Haskins, Minn. Argue Over Buyout
MINNEAPOLIS (AP) _ The University of Minnesota has no justification to now demand the return of the $1.5 million buyout it paid Clem Hawkins, the lawyer for the former coach said.
Ron Meshbesher, in documents filed in Hennepin County District Court on Wednesday, said the school had abundant evidence regarding allegations of academic fraud against Haskins when it bought out his contract in 1999.
``While the university had actual knowledge of most of the alleged wrongdoing, it also had notice of it through many sources, not the least of which was the Twin Cities news media,″ Meshbesher said.
The first allegations of cheating surfaced in March 1999 when Jan Gangelhoff, a former office manager in the athletic academic counseling unit, said she had completed hundreds of pieces of course work for at least 20 men’s basketball players in the mid-1990s.
Meshbesher also challenged new allegations of cheating under Haskins that were included in university documents filed last month.
His memorandum also opposed a motion by the university for financial damages in addition the $1.5 million.
A university investigation concluded that Haskins was involved in the academic scandal. But Meshbesher said his client’s contract ensures that he will keep the buyout money regardless of any new allegations.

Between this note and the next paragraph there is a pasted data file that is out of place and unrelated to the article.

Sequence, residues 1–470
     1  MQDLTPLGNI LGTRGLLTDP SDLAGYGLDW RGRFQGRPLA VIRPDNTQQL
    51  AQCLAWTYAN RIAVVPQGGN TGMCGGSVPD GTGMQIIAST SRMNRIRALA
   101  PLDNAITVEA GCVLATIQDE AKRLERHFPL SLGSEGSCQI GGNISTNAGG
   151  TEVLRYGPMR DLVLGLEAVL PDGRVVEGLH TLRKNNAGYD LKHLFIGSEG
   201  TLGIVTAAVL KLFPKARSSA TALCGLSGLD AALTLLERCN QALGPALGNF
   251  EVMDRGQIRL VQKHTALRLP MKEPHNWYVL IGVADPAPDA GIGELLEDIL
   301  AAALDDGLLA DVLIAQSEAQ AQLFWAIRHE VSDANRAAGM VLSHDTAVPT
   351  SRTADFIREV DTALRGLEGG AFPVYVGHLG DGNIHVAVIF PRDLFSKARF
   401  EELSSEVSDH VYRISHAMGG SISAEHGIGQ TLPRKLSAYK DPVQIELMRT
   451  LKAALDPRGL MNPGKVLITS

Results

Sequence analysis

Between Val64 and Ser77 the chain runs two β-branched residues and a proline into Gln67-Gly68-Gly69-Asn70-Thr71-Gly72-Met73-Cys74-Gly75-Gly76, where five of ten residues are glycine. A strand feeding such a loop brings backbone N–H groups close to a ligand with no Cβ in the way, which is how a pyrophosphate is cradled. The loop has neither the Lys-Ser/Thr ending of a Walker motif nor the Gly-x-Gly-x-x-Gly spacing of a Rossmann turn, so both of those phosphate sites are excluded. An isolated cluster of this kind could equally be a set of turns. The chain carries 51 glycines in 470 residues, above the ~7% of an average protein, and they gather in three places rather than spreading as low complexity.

The university says Haskins must repay the money because he denied wrongdoing before accepting the buyout, thus committing fraud.
``In Minnesota, when you lie your way into a deal, you do not get to keep the profits from your lies,″ university lawyer Lorie Gildea said.
Last month, the university said it had new information showing that large-scale cheating began years before Gangelhoff started writing papers for players. It cited subpoenaed depositions from two former university employees.
Patricia Barta, a former student secretary, alleged that under instructions from Haskins, she wrote as many as 50 papers and completed an independent study course to keep Willie Burton eligible to play. She said Haskins gave her money and gifts.
Gail Splinter, another former secretary, ``did substantial academic work for players, and Haskins directed her ‘to fix’ a poorly written paper a men’s basketball player had given her to type,″ the university alleged. It said she ``also confirmed″ that Haskins paid her for her work.
However, Meshbesher said in his brief that ``the university’s reliance on the deposition testimony of Gail McDonald Splinter and Patricia Barta is far from clear and convincing evidence″ and that it wasn’t credible.
He said Splinter testified that she had severe memory problems because she was using alcohol and drugs when she worked for Haskins. Meshbesher filed portions of her deposition.
He also said that the university ``exaggerates Barta’s testimony about Haskins’ alleged knowledge of academic fraud,″ and that the only time she said she had direct contact with him about writing papers was in connection with Burton. He said her charges are uncorroborated.
Gildea said Wednesday that Haskins is not being truthful about the two former employees, noting that he denied once paying Gangelhoff $3,000 but later acknowledged it.